Altimeter Setting: 30 inches Hg
Temperature/Dew Point: 28°C / 19°C
Precipitation and Obscuration: No Obscuration; No Precipitation
Departure Point: Pembroke Pines, FL (HWO)
Type of Flight Plan Filed: None
Destination: Pembroke Pines, FL (HWO)
Type of Clearance: None
Departure Time:  EST
Type of Airspace: Class D

Airport Information

Airport: North Perry (HWO)
Runway Surface Type: Asphalt
Airport Elevation: 8 ft
Runway Surface Condition: Dry
Runway Used: 10R
IFR Approach:None 
Runway Length/Width: 3255 ft / 100 ft
VFR Approach/Landing: Stop and Go

Wreckage and Impact Information

Crew Injuries: 1 None
Aircraft Damage: Substantial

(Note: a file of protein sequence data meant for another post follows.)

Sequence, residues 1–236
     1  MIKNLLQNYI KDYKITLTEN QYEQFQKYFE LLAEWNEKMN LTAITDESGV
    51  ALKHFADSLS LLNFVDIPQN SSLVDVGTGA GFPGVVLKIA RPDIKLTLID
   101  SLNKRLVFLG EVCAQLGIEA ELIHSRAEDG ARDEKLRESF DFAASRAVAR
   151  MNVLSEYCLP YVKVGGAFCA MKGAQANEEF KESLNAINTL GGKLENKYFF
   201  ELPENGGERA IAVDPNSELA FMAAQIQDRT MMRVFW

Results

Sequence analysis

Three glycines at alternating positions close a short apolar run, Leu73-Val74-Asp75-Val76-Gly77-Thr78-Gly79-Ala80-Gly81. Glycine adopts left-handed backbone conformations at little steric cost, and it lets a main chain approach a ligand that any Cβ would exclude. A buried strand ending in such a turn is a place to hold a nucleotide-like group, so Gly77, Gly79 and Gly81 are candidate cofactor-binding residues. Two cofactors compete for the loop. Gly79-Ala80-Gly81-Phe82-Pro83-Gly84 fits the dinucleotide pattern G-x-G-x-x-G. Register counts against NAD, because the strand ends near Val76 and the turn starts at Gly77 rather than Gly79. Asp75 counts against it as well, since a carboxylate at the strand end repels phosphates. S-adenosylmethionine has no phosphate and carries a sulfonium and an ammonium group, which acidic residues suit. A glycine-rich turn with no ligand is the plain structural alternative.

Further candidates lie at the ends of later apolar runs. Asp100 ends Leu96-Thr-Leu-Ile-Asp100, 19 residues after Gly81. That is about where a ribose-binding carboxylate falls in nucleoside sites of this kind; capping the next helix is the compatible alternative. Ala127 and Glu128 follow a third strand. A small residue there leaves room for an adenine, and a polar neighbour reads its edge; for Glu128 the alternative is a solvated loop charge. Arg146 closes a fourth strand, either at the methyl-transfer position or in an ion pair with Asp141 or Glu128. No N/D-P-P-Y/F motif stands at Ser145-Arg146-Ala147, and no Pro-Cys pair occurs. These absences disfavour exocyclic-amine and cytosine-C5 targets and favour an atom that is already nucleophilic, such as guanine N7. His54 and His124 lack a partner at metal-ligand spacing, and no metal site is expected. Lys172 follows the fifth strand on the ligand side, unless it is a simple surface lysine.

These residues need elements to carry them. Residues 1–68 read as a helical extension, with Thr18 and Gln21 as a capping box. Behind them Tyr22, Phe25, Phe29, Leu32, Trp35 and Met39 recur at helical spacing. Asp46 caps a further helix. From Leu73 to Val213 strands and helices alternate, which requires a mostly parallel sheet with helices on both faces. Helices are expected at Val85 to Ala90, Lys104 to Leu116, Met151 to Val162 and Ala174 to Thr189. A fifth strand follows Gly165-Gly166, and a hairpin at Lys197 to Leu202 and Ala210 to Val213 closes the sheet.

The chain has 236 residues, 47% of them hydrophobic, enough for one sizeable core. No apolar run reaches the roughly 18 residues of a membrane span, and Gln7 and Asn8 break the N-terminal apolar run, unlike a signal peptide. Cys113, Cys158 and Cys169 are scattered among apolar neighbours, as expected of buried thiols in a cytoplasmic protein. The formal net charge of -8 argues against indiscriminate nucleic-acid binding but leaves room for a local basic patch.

Passenger Injuries: N/A
Aircraft Fire: None
Ground Injuries:N/A 
Aircraft Explosion: None
Total Injuries: 1 None
Latitude, Longitude: 26.001111, -80.240833 (est)


  1. Well ... The video pretty much contradicts everything in the student pilots statement.

    Nice video though.

  2. ...... and the ball never left the center until the plane was screeching off the runway with a "5 kt, 80 deg x-wind"

  3. In the crash video, I chuckled as the plane slowly settled off its nose. It was as if it sighed, "I quit. I'm too old for this s**t!"

  4. Very high airspeed (90/95 kts on final?!?), and didn't go around when he had several opportunities to do so.

    I also LOL'd at the last comment "I quit. I'm too old for this s**t!" Poor airplane.

  5. That airspeed indicator was showing about 90 knots on short final. Way too fast even with a zero flap 172 approach (while no official POH reference, a zero flap final approach should be ball park 70kts depending on landing weight and winds/turbulence).